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Is there musical accompaniment?

lifespan Jan 27, 2009 02:23 AM

What music, if any, do you use as a backdrop for cooking? Do you play it loudly or softly? Or do you prefer cooking in silence or to the sounds of the house? I prefer old jazz, but unfortunately I live with a newshound, and so, either CNN or CSPAN accompanies my kitchen work a lot of the time. Growing up - every night as we sat down to eat, my father would say "let's have a little _____ music," as he reached for the knobs of the stereo always located in the dining room. The blank would be filled with whatever was on the menu...let's have a little soup music, let's have a little spaghetti music, let's have a little meatloaf music. I think in the same way about everything: let's have a little do the laundry music, let's have a little clean the bathroom music... let's have a little COOKING music...

Do you cook to music?

  1. lifespan Jan 27, 2009 03:18 AM

    p.s. Ipod?

    1. j
      janniecooks Jan 27, 2009 03:57 AM

      check out this thread:


      1 Reply
      1. re: janniecooks
        lifespan Jan 27, 2009 11:15 AM

        thanks jannie. i "searched" before I posted - but who knows what happened...

      2. Will Owen Jan 27, 2009 03:39 PM

        I'll go for Baroque (ha ha ha, but I really mean it) or music to either side of that (i.e. earlier or later) whenever I'm doing anything that requires thought and organization, whether it's cooking or writing or cleaning up the kitchen; aside from the fact that I enjoy it, its mathematically logical structure gives me an armature to hang my thoughts on. Mrs. O, on the other hand, requires rock or pop or something similar (and a bit loud) when she's doing housework, and since I'd rather be in the kitchen than vacuuming or dusting I suck it up and keep my mouth shut. Couldn't she play it on her iPod, you ask? Oh, she does - and she sticks it into one of those twin-speaker doodads that fills the whole house with the B-52's or whoever...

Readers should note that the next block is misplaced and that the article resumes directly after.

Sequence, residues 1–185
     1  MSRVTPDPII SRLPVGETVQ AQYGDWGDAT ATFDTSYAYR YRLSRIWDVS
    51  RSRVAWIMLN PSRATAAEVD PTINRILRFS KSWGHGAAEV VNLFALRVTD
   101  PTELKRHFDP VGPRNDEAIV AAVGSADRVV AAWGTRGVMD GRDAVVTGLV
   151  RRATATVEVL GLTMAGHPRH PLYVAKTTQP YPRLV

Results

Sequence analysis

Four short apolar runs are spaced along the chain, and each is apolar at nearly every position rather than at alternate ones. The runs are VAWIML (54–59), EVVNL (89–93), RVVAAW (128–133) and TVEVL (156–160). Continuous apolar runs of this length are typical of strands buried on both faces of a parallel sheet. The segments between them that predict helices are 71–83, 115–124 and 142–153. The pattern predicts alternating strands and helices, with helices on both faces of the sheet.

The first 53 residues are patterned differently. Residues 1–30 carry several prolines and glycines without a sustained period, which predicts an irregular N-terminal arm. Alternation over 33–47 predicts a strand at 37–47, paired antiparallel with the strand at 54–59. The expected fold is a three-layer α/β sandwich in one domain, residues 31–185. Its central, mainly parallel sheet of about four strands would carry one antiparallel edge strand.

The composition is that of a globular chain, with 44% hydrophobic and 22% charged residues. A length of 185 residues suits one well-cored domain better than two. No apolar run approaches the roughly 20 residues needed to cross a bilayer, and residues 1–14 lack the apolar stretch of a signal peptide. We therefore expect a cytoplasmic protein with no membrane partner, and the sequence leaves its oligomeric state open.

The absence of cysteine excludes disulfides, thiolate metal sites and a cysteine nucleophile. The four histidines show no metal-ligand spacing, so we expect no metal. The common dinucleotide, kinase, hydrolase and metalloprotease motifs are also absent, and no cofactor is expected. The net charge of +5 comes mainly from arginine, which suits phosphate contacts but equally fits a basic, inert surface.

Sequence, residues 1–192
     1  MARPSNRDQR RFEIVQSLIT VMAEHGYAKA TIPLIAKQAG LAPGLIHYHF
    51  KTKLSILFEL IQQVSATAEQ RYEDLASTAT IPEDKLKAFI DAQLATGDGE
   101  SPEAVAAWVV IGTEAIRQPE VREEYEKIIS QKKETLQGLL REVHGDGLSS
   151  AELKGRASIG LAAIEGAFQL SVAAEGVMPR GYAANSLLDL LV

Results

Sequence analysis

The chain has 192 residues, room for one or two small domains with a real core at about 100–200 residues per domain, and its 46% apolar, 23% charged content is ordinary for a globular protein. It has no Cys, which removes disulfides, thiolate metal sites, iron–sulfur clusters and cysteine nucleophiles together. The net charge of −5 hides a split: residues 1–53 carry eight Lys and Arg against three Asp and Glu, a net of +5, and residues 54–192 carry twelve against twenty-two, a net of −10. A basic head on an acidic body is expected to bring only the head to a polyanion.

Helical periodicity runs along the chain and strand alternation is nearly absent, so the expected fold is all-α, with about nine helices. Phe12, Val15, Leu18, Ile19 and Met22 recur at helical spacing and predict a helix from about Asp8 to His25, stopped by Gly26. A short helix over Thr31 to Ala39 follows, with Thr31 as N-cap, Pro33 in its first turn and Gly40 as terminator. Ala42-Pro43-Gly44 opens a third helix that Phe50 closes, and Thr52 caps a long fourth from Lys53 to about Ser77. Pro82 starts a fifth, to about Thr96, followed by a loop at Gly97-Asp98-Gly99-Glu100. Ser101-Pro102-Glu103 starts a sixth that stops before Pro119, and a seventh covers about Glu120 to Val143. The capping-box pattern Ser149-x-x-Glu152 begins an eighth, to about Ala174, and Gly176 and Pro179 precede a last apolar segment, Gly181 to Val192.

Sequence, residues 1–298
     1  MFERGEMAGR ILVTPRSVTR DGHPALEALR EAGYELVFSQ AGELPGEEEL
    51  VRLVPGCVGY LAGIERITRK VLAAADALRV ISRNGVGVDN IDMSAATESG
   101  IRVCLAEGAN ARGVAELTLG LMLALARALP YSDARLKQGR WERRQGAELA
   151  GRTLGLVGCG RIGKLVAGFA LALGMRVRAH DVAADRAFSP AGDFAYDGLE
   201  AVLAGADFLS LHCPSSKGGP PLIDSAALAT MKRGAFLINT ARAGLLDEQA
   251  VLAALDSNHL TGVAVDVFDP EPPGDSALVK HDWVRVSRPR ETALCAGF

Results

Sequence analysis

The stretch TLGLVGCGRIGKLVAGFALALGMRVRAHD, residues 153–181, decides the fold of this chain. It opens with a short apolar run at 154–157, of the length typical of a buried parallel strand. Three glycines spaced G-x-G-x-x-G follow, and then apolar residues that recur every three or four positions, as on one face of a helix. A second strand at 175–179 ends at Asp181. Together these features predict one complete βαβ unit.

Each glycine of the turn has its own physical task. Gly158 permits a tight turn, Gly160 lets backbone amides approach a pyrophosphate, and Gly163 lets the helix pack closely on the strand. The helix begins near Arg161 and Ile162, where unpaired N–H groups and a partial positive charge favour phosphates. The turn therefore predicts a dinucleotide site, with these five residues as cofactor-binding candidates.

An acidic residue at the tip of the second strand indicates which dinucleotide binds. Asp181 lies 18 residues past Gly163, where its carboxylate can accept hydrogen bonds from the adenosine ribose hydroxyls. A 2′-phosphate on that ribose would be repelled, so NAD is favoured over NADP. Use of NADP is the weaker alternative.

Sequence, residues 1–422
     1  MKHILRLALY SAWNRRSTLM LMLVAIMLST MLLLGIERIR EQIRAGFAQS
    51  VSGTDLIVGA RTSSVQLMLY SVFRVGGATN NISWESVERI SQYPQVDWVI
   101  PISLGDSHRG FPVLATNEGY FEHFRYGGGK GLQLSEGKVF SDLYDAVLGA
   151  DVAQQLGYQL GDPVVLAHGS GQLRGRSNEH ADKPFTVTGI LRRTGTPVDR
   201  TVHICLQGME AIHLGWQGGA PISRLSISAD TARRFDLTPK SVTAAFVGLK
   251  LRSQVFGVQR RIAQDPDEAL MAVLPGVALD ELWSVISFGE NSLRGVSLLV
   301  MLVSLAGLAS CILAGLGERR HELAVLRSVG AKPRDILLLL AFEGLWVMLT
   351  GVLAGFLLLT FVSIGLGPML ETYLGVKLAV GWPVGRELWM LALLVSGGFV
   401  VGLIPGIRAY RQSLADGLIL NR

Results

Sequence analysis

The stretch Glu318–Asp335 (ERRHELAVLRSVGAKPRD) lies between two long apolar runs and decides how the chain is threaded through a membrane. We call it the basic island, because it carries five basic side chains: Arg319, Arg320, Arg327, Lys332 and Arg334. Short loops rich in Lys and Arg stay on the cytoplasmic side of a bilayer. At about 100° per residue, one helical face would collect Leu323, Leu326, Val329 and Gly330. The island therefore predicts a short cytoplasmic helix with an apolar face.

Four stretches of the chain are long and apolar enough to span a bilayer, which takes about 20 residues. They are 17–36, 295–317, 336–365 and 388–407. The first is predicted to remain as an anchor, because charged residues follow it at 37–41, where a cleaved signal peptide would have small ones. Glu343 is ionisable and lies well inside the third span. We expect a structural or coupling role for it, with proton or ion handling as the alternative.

1. Karl S Jan 27, 2009 05:47 PM

          Well, there is an auditory dimension to stovetop cooking that I don't want masked by music. Just like certain smell announce a certain stage of cooking, so to with auditory stimuli.

          1 Reply
          1. re: Karl S
            lifespan Jan 27, 2009 06:40 PM

            karl - that's very interesting. it makes perfect sense.

          2. kirinraj Jan 27, 2009 05:54 PM

            Punk rock, rock, or reggaeton. Something fast makes cooking more fun.

            1. g
              givemecarbs Jan 28, 2009 03:57 PM

              My mom loved to have jazz on most of the time when she was home alone. I'm assuming that was for cooking too. But when she had to do some heavy duty cleaning she would bust out the marching bands. When I called her and heard that in the background I knew to make my call brief, as she was working hard. Later I read about someone whose mom favored scottish music for spring cleaning, and carried on the tradition. As for me, I prefer silence while I cook, partly so I can hear the music playing in my head. Hope that doesn't make me sound too crazy! :)

              1. r
                rdch Jan 29, 2009 08:49 AM

                Sometimes I put on a cd or tape for when I'm cooking.Usualy 60's,70's some
                80'srock,metal or blues.I noticed some replys in the linked thread about about
                matching the type of music to the type of cooking.I am currently cooking beans
                for refritos and cleaning pea beans for baked beans with Janis Joplin in the
                cd player.Next up John Lee Hooker.Is this appropriate or should there be
                something else like tuba music. ;)

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